West Palm Beach Overconcentration Attorney
Broker’s Failure to Diversify Investments
One of the best known risks of investing is that “putting all the eggs (money) in one basket” leaves the investor vulnerable to drastic losses. Investors fare better when their portfolio is diversified enough that a major downturn in one stock or one market segment won’t wipe them out. Brokers and advisors who fail to diversify – known in the investment industry as “over-concentration” – to a reasonable degree can end up liable to the investor.
Investors and their investment advisors share a common interest in that both benefit from profitable investments. When the investment goes bad, producing losses instead of gains, no investor is happy. But the simple fact that an investment loses money doesn’t mean that the broker did anything wrong; investments are inherently risky. The nature of the relationship, though, is that the broker is expected to know more about investments, and to take steps to see that the investor is protected from unnecessary risks; that’s why the broker gets paid, after all.
The Broker’s Duty and Claimed Breaches
It is always the duty of the broker to make sure that the investor is aware of the various risks involved in making each specific investment, as well as in the overall investment strategy that the portfolio represents. Failure to recommend a strategy to manage the risks associated with securities concentration can leave a broker exposed to several different dangers, especially:
- Claims for damages by the investor, based on the broker’s negligence in having caused the investment loss.
- Regulatory discipline for failing to provide suitable advice and follow prescribed sales practices.
Excuse for Not Diversifying
Assuming that the broker actually does inform the investor of the risks involved in a strategy, both the degree of diversification required for a given investor, and the degree of diversification possible for a given investor, largely depend on:
- Restrictions on the securities that the investor holds; sale of some securities is simply restricted by the issuer (often encountered with stock option plans, closely held corporate stock, and the like).
- What the investor’s goals and needs are, as they have been communicated to the broker.
There are numerous reasons that an investor may choose to overload a portfolio with certain securities, ranging from sentimental value to capital gains concerns. The key, again, is that the decision be the investor’s, and that it be based on a full explanation of the risks.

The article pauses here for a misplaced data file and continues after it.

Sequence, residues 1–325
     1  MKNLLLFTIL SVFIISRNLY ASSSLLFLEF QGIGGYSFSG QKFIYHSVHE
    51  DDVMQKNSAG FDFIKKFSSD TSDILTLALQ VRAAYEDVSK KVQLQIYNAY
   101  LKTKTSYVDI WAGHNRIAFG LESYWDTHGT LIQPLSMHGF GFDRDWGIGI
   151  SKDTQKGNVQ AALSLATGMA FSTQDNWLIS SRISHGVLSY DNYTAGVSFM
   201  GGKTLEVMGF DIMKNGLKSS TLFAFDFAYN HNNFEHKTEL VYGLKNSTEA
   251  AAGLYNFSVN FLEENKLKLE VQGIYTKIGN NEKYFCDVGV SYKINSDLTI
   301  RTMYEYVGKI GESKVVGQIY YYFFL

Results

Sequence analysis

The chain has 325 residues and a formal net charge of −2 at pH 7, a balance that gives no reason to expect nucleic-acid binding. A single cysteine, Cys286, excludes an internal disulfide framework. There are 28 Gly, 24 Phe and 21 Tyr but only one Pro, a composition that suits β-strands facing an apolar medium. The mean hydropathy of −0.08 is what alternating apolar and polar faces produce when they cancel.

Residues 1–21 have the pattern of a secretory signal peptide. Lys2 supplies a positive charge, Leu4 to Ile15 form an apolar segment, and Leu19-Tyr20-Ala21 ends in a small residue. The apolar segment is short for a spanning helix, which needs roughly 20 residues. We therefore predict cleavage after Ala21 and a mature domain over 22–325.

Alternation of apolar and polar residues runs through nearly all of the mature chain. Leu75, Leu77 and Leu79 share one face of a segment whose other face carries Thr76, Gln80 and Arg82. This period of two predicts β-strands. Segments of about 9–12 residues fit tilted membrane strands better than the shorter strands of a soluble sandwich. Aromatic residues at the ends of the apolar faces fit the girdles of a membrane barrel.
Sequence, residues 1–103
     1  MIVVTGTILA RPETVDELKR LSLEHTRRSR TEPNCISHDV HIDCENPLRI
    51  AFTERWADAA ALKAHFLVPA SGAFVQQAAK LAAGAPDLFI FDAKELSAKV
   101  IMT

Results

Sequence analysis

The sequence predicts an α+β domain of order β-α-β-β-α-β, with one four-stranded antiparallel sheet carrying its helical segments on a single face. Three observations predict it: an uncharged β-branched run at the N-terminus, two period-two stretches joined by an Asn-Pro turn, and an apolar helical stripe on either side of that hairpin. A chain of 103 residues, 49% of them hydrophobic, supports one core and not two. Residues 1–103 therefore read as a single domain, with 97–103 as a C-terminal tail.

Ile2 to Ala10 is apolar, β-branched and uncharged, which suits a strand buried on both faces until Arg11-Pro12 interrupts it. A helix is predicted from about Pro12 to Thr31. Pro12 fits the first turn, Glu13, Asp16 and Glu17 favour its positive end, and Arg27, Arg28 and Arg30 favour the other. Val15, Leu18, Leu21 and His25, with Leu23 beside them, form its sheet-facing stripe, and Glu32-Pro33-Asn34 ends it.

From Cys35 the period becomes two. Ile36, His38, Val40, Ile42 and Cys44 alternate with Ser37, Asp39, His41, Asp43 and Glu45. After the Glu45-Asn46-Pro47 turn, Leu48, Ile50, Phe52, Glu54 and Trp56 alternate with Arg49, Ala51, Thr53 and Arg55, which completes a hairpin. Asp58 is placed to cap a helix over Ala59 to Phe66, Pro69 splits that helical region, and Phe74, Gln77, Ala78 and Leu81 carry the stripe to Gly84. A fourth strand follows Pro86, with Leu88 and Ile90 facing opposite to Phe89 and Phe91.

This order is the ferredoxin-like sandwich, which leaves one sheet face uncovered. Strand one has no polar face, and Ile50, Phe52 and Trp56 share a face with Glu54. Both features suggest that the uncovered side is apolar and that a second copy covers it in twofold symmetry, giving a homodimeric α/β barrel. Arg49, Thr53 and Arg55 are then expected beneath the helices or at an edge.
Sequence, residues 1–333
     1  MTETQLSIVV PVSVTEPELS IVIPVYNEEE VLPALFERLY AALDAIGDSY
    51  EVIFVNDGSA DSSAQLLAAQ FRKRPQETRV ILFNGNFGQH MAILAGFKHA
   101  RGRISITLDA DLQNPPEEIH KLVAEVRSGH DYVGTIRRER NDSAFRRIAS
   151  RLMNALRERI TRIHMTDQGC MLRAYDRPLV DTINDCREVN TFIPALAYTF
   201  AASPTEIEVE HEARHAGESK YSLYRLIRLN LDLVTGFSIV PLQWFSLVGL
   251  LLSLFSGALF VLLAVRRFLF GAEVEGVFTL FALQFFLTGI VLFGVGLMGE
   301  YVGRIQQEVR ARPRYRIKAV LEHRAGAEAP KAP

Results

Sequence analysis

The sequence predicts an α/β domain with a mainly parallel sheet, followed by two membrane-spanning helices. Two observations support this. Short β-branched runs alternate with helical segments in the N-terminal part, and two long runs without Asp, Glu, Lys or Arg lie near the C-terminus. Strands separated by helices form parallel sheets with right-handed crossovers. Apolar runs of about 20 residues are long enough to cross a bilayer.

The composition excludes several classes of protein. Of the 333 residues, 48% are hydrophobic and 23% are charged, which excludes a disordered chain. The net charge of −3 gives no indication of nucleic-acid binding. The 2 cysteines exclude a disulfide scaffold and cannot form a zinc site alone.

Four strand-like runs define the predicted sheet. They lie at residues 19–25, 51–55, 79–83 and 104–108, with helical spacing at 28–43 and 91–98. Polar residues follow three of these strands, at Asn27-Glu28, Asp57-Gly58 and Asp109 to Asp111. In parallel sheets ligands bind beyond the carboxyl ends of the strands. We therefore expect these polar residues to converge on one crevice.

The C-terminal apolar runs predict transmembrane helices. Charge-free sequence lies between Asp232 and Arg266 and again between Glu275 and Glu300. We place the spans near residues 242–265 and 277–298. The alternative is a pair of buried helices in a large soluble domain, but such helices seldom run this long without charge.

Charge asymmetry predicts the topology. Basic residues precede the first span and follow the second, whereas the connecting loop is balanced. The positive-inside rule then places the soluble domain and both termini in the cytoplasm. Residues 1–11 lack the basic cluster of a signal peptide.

Evidence of What the Broker and Investor Discussed
It’s crucial to establish exactly what the investor told the broker about the needs and goals of the portfolio. It’s just as important to establish what the broker told the investor about the reasons for using the specific investment strategy that was employed, and the risks that it entailed.
Among the major pieces of evidence are:
- The contract between the broker and the investor.
- The contents of any informational questionnaires compiled about the investor’s needs and goals.
- The contents of any update to that questionnaire.
- If updates weren’t obtained, the reasons why.
In almost all cases, the broker and investor have had several other discussions of the account and investment strategies and opportunities. These ordinarily are evidenced by:
- Notes of phone calls.
- Copies of e-mails, text messages and other correspondence.
- Notes of information that may have been submitted via online contact forms.
- Notes of in-person meetings.
Get Legal Help when Your Brokerage Account Has Been Mismanaged
Failure to diversify cases raise many factual and legal issues. Handling them effectively calls for broad knowledge and experience of the investment field. Todd A. Zuckerbrod has spent his nearly 30-year career in the securities industry, seeing it from the perspective of a regulator at the New York Stock Exchange, as in-house counsel with Merrill Lynch, as outside counsel with the law firm of Greenberg Traurig, and as the general counsel of a brokerage firm.
Depending on the facts, your failure to diversify case may involve negligence concepts, firm policies, various regulations (especially those of the Financial Regulatory Authority, or FINRA), the practicalities of broker-investor relationships, and the ins-and-outs of arbitration proceedings.
Whether you are an investor who thinks that your broker’s failure to adequately diversify the investments in your portfolio has cost you money, or a broker who is being accused of a failure to diversify, Todd A. Zuckerbrod can help. Tell Todd the story behind the claim and he can advise you on the best way to proceed. Things to consider include:
- Is arbitration mandatory?
- Is it optional?
- Would you likely benefit from going that route?
- If not, is there a basis for avoiding it?
There’s no fee for our initial discussion, so call Todd A. Zuckerbrod today.